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Brain, learning and development

Prof. Jelle Jolles

The Brain, learning and development program focuses on the learner in relation to education, upbringing and development. The programme group perform their work from a multidisciplinary perspective. They have backgrounds in neuropsychology, education, developmental psychology, educational theory, or neuroscience.

Their interests cover a range of subjects, such as neurocognitive functioning and perception, motivation and social behaviour in relation to school performance. Experts in pure and applied research cooperate with educational professionals dealing with everyday issues in primary, secondary, vocational, and higher education. The programme group overlaps with the Brain & Learning Centre. It has been incorporated into the LEARN! research institute as a separate programme.

Four lines of research
There are four lines of research

  • The learning child
  • The learning teenager
  • The learning student
  • The learning teacher and the learning parent

Our pure research projects focus on the development of executive functions and skills in the period spanning primary school, adolescence, and young adulthood to middle age. Research projects of this kind focus either on cognitive neuropsychological research or on studies involving structural and functional brain imaging. The subjects include teenagers, young adults and middle-aged people, and the techniques used include MRI scanning. Executive functions and other neurocognitive functions are related to biopsychological processes such as sleep, nutrition, exercise, or differences between boys and girls. The research addresses brain functions and different phases of development.

Our applied research projects focus on science-based educational innovations and on the development and evaluation of interventions (instructional and teaching methods) for use in teaching and education. The major themes dealt with in this context are continuous learning, dropping out, excelling and underachievement. The focus is on language, literacy, and numeracy, as well as spatial thinking, reasoning, and talent development. Various studies address “normal scholarly development” as well as appropriate education, learning issues and excellence.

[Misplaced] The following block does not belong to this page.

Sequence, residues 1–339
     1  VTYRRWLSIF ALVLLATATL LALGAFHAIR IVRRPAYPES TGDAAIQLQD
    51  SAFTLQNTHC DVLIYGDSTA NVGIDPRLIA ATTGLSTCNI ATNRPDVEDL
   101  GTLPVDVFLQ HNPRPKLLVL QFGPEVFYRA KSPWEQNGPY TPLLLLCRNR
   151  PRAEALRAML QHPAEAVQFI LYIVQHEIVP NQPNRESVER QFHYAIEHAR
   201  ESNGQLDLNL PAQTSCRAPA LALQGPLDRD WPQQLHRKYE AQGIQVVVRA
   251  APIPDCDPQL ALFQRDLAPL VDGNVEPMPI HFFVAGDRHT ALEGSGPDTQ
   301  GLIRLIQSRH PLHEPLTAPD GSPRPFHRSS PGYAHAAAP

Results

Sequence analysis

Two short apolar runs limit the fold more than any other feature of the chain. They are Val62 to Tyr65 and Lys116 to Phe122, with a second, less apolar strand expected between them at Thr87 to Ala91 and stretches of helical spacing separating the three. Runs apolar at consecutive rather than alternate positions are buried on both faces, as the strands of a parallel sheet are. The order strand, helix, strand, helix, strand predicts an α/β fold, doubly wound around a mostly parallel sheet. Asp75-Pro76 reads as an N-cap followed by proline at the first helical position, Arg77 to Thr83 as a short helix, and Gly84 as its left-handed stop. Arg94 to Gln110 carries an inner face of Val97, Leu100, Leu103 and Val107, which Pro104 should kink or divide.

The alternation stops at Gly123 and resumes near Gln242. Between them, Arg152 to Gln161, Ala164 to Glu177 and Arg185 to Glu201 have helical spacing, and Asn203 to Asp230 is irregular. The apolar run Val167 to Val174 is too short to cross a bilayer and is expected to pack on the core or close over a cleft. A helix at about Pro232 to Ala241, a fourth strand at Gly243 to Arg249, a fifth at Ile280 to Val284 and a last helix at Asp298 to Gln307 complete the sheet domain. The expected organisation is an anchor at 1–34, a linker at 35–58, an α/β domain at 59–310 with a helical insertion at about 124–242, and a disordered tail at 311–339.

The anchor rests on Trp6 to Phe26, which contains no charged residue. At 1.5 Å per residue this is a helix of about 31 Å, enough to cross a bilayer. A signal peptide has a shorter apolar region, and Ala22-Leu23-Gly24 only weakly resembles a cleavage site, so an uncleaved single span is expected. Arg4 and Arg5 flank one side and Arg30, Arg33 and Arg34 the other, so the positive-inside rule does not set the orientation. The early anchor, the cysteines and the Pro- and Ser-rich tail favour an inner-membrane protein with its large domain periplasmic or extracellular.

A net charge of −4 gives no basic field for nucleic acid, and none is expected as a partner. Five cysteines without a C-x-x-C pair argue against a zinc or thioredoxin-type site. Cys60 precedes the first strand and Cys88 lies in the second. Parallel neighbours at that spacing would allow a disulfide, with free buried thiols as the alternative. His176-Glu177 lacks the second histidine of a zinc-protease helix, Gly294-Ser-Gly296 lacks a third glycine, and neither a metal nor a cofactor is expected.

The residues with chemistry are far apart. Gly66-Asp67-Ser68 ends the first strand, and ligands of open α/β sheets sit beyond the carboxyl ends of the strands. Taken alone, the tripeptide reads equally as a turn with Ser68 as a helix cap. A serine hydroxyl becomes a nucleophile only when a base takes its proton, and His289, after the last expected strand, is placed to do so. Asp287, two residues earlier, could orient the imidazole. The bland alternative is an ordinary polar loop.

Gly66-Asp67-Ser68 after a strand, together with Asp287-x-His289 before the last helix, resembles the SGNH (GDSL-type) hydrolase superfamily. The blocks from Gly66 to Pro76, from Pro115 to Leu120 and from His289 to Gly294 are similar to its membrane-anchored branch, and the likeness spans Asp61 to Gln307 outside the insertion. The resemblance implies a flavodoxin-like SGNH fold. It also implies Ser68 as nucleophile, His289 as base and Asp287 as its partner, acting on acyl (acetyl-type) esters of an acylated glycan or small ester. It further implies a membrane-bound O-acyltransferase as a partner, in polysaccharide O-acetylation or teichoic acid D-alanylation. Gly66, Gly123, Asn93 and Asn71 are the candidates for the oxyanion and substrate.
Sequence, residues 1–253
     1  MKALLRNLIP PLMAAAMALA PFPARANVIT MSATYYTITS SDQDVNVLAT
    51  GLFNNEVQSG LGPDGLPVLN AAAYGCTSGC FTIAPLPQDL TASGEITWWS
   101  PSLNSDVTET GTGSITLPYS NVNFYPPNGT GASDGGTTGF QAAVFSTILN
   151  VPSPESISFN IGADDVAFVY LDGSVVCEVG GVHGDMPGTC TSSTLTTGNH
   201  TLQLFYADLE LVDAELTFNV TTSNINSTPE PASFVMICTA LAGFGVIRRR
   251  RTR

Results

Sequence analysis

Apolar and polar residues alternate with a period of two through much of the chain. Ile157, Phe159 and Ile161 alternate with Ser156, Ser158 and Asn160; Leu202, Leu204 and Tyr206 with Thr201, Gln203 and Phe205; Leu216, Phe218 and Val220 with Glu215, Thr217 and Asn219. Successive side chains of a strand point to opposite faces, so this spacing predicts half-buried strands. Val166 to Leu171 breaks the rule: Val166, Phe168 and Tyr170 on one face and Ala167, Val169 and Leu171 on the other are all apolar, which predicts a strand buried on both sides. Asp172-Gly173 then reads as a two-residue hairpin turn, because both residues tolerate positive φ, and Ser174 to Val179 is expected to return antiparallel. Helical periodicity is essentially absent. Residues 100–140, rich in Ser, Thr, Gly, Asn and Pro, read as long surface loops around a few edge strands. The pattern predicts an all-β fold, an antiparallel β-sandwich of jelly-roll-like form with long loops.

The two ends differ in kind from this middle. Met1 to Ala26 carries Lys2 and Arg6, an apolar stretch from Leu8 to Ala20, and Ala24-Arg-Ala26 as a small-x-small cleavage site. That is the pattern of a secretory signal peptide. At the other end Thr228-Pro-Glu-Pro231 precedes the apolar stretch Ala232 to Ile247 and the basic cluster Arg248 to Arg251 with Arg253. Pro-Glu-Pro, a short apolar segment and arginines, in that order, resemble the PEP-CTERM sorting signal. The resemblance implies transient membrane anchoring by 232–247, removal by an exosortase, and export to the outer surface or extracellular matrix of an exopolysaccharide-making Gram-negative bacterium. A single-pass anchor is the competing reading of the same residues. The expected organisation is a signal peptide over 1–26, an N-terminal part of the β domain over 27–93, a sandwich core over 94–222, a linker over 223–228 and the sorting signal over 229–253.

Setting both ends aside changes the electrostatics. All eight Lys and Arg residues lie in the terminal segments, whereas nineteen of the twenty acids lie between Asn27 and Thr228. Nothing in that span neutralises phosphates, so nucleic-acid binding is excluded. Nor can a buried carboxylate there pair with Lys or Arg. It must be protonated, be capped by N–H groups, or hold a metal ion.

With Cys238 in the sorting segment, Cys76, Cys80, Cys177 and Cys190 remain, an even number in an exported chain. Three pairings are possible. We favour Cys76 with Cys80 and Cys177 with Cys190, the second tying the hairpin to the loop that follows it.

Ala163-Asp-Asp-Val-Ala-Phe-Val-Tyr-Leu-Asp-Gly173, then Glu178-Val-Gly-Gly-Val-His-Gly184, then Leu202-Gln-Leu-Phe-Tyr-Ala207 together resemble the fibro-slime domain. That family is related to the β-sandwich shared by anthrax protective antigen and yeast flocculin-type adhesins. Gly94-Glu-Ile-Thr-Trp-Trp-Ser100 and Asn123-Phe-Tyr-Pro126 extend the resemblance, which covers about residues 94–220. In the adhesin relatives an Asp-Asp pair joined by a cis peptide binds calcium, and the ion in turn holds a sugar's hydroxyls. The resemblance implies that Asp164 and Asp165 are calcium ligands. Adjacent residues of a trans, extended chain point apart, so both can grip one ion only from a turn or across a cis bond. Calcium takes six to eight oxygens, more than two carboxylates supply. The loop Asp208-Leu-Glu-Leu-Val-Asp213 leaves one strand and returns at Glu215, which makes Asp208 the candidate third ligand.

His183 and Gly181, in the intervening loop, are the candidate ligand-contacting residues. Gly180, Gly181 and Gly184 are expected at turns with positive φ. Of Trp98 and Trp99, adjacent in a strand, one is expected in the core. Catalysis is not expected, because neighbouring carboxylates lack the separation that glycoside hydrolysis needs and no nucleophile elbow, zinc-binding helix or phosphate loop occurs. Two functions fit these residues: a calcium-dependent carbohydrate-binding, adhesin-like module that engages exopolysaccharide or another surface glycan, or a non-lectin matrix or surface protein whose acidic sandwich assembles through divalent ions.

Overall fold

Applied research and the social dialogue

The programme group’s goal is to contribute to innovation in the practice of teaching and upbringing. To this end, the group works closely with community organizations such as primary schools, secondary schools, vocational training schools, universities of applied sciences, publishers and other partners. Working closely with others in our network, we translate our research results into practical applications for use in educational institutions. The value of new interventions is evaluated using scientific methods. For this reason, the programme group does not focus solely on pure and applied scientific research. It also addresses the transfer of knowledge and expertise in the area of professionalization of the teaching profession, as well as the improvement of everyday practices in upbringing and teaching.


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